3.4. For Implementation
In this phase, the crafted learning materials are deployed for implementation. Under operational conditions, it is important to identify the gap in constructive alignment and blueprinting in assessment . Clearly, the instructional gate keepers like faculty members need to be in sync with the instruction system and learning outcomes. Any feedback with regard to the implementation plan should be duly collated to inform the next phase of ADDIE: evaluation.
3.5. For Evaluation
As mentioned previously, the ADDIE model is a continuous process (Figure 1). Hence, evaluation should also be regarded as a continuous process starting from the analysis phase and continuing throughout the four phases of ADDIE. An initial formative evaluation of the instructional program should be conducted in the analysis and design phases to assess how well the learning outcomes were met using various instructional methods. This can be done by gathering feedback from teaching faculty and practicing educationist from the educational department during sharing sessions. While operational evaluation can be garnered from feedback provided by students and teaching faculty during course delivery, it is critical to sieve out information that informs about the discrepancies between planned and actual delivery of instruction programmes. Obviously, the feedback must be treated with incremental improvement in mind. We are gratified to see a positive change in feedback collected over three runs of the Molecular Pathology Techniques module. From daunting remarks like “Answers for lab assignments are hard to find in both books and online resources” and “Some of the content was very confusing and hard to understand” to reassuring comments like “Most of the practicals were very well explained and related to the [taught] topics”, “Practicals had good connections to one another”, and “The whole module is very cohesive”, this exemplifies the process of analysis-design-development-implementation-evaluation which aids in managing and enhancing the programmes of instruction. With poster assignment incorporated in another module, Basic Pathology, students were able to synthesize interesting topics in Personalized Medicine for presentation (Figures 4 and 5). This demonstrates that the intent of ideating the concept of precision medicine in the biomedical science programme is well-received.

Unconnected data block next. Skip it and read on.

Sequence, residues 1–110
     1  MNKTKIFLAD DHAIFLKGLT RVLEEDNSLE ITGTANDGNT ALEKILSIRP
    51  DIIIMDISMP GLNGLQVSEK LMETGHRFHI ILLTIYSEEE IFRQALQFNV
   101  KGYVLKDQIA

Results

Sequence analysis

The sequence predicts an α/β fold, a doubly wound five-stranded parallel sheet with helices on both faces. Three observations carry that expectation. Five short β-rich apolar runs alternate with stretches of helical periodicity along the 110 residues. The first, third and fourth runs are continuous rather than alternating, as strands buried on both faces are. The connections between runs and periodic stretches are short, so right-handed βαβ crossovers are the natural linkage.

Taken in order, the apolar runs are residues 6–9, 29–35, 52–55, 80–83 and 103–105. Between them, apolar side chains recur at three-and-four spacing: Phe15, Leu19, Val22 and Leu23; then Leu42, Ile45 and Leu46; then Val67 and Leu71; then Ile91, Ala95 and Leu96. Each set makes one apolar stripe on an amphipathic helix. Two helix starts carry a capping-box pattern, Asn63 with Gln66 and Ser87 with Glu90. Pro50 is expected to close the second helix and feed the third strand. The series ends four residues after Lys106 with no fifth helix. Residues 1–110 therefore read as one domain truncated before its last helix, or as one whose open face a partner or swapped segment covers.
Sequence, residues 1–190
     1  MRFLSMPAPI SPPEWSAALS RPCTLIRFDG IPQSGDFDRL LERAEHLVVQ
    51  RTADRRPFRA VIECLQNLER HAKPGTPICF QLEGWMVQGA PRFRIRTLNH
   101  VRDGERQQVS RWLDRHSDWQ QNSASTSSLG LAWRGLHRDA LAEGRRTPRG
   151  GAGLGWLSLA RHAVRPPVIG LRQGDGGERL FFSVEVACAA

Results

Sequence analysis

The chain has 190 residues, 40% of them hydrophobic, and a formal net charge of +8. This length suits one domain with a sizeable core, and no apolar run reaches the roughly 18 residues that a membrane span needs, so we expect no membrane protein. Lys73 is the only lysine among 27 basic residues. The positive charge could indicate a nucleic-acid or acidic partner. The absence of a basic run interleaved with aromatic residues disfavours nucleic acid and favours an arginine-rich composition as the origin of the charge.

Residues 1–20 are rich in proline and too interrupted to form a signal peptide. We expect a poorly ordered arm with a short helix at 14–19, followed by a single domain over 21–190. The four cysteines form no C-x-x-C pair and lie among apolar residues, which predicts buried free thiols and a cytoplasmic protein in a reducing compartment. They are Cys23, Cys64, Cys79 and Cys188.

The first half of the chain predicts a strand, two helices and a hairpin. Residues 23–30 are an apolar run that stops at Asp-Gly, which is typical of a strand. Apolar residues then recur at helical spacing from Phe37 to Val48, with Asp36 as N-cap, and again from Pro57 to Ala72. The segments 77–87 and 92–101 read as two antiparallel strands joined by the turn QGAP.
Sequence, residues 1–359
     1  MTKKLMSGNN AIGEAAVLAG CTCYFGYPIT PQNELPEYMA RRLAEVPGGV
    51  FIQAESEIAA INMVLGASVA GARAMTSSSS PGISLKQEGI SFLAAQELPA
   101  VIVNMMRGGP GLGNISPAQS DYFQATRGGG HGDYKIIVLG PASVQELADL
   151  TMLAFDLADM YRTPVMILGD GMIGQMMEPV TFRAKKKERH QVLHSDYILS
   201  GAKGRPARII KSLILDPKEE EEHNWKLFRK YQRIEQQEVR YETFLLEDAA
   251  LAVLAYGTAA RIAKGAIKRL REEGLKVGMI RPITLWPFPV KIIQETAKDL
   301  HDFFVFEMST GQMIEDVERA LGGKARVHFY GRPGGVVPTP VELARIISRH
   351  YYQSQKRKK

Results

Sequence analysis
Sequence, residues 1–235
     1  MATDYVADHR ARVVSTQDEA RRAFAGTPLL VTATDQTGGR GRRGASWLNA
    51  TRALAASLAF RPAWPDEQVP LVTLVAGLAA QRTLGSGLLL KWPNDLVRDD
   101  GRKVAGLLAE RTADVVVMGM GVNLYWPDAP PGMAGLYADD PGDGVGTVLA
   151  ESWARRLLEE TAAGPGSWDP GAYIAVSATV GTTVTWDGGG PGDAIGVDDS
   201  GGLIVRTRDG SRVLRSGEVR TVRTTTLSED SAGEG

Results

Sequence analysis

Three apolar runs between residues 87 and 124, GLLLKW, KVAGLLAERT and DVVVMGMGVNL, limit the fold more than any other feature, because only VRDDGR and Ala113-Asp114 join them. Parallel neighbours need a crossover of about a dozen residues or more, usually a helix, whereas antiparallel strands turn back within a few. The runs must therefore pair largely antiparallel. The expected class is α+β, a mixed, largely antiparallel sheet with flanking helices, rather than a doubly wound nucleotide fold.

Applying the ADDIE model for the development of instructional programmes is a good way to organise teaching and learning as it provides a systematic approach. While it may seem to be eminence-based and historically rooted in instructional theory, its usefulness in developing education and training programmes is still evident in the 21st century [34–37]. Using the five phases of ADDIE, we have constructed relevant learning materials for a polytechnic biomedical science programme that percolated with the concept of precision medicine. Perhaps, with the advent of ever-advancing technologies and emerging new knowledge, the use of ADDIE five phases will be an ongoing effective way in keeping our curriculum in currency.
Conflicts of Interest
The author declares that there are no conflicts of interest regarding the publication of this paper.
- L. B. Aiello, “Genomics education: Knowledge of nurses across the profession and integration into practice,” Clinical Journal of Oncology Nursing, vol. 21, no. 6, pp. 747–753, 2017.
- R. Ramaswami, R. Bayer, and S. Galea, “precision medicine from a public health perspective,” Annual Review of Public Health, vol. 39, 2017.
- T. Caskey, “Precision medicine: functional advancements,” Annual Review of Medicine, vol. 69, no. 1, pp. 1–18, 2018.
- R. M. Weinshilboum and L. Wang, “Pharmacogenomics: precision medicine and drug response,” Mayo Clinic Proceedings, vol. 92, pp. 1711–1722, 2017.
- S. Hawgood, I. G. Hook-Barnard, T. C. O'Brien, and K. R. Yamamoto, “Precision medicine: Beyond the inflection point,” Science Translational Medicine, Article ID 307ra152, 2015.
- M. D. Merrill, “Constructivism and Instructional Design,” Educational Technology, vol. 31, pp. 45–53, 1991.
- R. K. Branson, G. T. Rayner, J. L. Cox, J. P. Furman, F. J. King, and W. H. Hannum, Interservice Procedures for Instructional Systems Development: Executive Summary and Model, Defense Technical Information Center, 1975, http://www.dtic.mil/dtic/tr/fulltext/u2/a019486.pdf.
- L. Hood and L. Rowen, “The Human Genome Project: big science transforms biology and medicine,” Genome Medicine, vol. 9, 2013.
- H. Burton, C. Jackson, and I. Abubakar, “The impact of genomics on public health practice,” British Medical Bulletin, pp. 37–46, 2014.
- W. C. Allen, “Overview and evolution of the ADDIE training system,” Advances in Developing Human Resources (ADHR), vol. 8, no. 4, pp. 430–441, 2006.
- Joint-Polytechnic, What is Polytechnic Education, vol. 14 of Joint Polytechnic, 2018, http://www.polytechnic.edu.sg/introduction/what-is-polytechnic-education.